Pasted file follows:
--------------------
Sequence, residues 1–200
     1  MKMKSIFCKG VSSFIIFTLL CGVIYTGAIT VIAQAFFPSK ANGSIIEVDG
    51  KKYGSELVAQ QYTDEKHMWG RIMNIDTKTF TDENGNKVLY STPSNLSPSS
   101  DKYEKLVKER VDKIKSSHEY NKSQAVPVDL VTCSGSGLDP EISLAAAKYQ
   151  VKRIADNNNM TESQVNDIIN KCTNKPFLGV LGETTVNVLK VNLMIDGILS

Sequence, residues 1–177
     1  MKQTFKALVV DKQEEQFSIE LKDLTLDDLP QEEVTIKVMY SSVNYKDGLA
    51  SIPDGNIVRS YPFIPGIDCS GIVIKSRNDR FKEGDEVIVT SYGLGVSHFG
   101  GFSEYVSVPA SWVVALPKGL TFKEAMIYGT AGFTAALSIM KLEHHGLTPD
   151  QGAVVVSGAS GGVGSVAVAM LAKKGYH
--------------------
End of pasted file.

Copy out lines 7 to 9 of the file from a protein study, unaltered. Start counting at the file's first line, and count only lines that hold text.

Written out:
     1  MKQTFKALVV DKQEEQFSIE LKDLTLDDLP QEEVTIKVMY SSVNYKDGLA
    51  SIPDGNIVRS YPFIPGIDCS GIVIKSRNDR FKEGDEVIVT SYGLGVSHFG
   101  GFSEYVSVPA SWVVALPKGL TFKEAMIYGT AGFTAALSIM KLEHHGLTPD